Multiple stages of many pipelines rely on working with an artifact repository—both to publish versions of artifacts created in the pipeline and to retrieve specific versions for use in the pipeline. In this chapter, we’ll examine how to work with one of the most popular artifact managers, JFrog Artifactory. We’ll explore how to migrate functionality from an existing Freestyle project to a pipeline-as-code. We’ll also see how to do some other common tasks that require extra setup. Next, we’ll look at some challenges when trying to use the Artifactory integration with a Declarative Pipeline.
Finally, we’ll take a quick look at the pipeline steps for archiving artifacts and recording fingerprints (tracking information for which artifacts are associated with which builds).
First, though, for those who may not be familiar with Artifactory, we’ll take a quick look at why we use it and the value it can add.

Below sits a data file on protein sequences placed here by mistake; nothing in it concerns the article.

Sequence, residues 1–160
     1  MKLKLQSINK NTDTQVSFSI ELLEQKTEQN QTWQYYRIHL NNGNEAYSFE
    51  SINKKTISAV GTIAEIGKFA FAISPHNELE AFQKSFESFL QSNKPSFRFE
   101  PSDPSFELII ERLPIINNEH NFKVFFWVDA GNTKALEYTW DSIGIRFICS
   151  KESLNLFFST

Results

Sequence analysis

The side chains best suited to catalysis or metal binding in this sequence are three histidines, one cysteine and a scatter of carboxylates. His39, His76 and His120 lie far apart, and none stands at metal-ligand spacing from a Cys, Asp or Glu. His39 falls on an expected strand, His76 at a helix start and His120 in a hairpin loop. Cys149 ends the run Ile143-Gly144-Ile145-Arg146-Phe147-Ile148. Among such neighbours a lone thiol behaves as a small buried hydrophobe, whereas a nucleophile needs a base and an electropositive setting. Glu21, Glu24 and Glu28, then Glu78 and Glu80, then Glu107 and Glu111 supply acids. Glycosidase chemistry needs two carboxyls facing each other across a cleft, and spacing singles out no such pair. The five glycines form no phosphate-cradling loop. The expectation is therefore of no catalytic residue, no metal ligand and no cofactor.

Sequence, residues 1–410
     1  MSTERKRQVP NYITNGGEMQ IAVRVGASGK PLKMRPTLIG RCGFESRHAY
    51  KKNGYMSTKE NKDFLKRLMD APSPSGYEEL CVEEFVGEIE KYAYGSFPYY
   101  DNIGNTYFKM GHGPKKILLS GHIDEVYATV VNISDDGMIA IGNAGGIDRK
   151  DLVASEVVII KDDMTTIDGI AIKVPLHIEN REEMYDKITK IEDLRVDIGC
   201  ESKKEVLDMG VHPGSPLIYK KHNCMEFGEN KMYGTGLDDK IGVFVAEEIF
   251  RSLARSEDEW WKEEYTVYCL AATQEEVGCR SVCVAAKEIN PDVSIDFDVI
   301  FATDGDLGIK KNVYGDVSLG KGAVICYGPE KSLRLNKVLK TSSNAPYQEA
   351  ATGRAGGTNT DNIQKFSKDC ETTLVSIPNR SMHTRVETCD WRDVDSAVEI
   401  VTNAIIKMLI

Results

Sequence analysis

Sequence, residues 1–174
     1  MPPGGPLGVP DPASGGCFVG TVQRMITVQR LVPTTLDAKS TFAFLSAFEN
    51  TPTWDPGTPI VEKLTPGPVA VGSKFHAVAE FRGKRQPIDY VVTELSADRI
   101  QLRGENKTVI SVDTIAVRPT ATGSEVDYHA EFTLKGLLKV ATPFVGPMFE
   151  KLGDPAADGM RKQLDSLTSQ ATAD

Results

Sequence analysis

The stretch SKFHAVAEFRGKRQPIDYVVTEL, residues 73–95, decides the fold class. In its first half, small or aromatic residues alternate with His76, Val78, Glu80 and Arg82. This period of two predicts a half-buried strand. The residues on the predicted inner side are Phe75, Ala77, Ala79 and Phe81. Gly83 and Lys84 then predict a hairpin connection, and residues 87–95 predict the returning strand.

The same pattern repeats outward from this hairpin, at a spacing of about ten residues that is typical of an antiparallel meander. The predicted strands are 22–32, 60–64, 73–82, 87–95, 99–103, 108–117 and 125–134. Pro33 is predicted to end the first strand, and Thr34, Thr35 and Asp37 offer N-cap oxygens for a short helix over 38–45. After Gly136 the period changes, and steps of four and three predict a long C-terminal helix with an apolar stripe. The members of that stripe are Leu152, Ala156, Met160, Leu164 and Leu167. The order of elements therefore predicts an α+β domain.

While the rationale for most of the technologies used in our example pipeline so far is obvious, that doesn’t always seem to be the case for leveraging an artifact repository. As such, before diving into how to integrate Jenkins 2 pipelines with Artifactory, it’s worth noting the benefits that warrant making the investment to use it in your pipelines.
Just as a well-structured pipeline should have facilities to manage source code, there should also be a facility to manage binary artifacts and other generated ...